I feel low rolling thunder,

wings in every corner,

shadows to come

while we sleep.

I resist myself,

the absence learned

by love.  I want

to wake and see

her who I dreamed,

bright as sunlight,

sharing the room

and dawn. I learn

your face by touching

and look for the woman of life,

that unengendered mother,

wondering if I can

dream her

the long way home.

The Road

Alone at night

I'm pulling the dead

weight of my car

down a country road.

Snow in the fields

makes dim light

as I pull for miles,

my hands and feet

colder than the chain

tying me to my useless ride,

its tires, windows, body

ruined by repeated

blows of city life.

Along comes a solitary man

who snatches the chain

from my hands and

runs off with the car

that lifts like a kite.

I chase after him.

“Keep running,” he says,

looking back over his shoulder,

those encouraging or

belittling words

offered like tantalus.

Then another man appears.

I know him,

or remember him,

as if from a dream.

John places a ball

gently in my hands

that feels so good,

round and warm

as I turn it over and over.

Before my eyes it

changes color, shape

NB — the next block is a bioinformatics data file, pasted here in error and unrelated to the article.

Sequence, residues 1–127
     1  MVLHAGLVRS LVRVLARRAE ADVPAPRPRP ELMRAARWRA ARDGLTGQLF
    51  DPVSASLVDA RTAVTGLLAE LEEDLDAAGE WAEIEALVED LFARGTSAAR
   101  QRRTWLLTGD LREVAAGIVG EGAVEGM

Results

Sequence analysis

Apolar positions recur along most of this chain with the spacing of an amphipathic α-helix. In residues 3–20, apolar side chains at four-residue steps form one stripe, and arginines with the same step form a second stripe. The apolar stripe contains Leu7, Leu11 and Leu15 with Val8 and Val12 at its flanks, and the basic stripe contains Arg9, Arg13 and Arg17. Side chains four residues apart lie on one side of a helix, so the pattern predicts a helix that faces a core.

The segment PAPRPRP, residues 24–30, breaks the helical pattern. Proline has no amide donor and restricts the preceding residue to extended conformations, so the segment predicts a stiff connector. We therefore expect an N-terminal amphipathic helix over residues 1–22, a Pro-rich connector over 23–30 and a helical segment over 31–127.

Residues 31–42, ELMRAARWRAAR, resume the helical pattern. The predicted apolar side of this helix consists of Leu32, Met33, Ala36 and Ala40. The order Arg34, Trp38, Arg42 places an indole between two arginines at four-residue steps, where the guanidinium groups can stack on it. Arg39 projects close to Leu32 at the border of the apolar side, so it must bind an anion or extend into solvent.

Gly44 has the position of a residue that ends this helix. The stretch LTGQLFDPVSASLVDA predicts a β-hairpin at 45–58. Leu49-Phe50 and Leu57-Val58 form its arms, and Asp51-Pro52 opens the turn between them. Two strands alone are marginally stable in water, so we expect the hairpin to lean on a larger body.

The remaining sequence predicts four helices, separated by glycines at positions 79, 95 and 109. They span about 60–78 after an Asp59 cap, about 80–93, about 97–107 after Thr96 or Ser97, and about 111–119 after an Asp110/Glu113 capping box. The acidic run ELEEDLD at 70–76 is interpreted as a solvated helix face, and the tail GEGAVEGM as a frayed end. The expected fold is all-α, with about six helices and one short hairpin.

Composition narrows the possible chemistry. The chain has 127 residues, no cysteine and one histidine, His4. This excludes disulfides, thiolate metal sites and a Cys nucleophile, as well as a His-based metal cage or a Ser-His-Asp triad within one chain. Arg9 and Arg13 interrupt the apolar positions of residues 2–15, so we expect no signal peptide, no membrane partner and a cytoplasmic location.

through dark miles of sky.

I look at it again:

a small bird, wings

folded, eyes open,

is cradled in my hands,

silent and wakeful,

about to sing.


Louder now, they weave their song

among the trees, grappled onto branches

where the wind never upends them,

where summer gathers fire day and night.

Like old pipers wheezing the same

crazed note between catches of breath,

they sit unreachable in their height

and drone that underground music

after seven or seventeen years,

raucous lords of the air and earth.

How do they sleep so long in darkness

beneath the surface noise of the earth?

How do they know it's time to rise up

in the hottest month of the year? What

do they see after those murky years

with tiny eyes like beads of pitch or tar?

It must be memory's old bright place,

the first desert, prairie, swamp, or wood,

where their voices came bubbling up

to terrify or tire creation's other forms.

A man on my block who worked nights

once shotgunned the trees outside his house

as if that would stop the buggy music.

But when the smoke cleared it arose at once,

and that man fell back, silent, still again,

drained by those agonizers of throatless song.

When I lie in my room, unable to sleep

or dream or breathe the pressured air,

the sound in my ear is a silence in my heart,

pincered, dusty white, and unkillable.

As a boy I'd see one fall from the sky,

wrapped with a hornet in a death-embrace.

They'd land in a blur on the sidewalk or grass

and a prolonged, horrid cry let loose—

not like any human voice I'd ever heard,

but still a screeching or beseeching

that arced the air with a zinc flash

whose cinders fell on everything.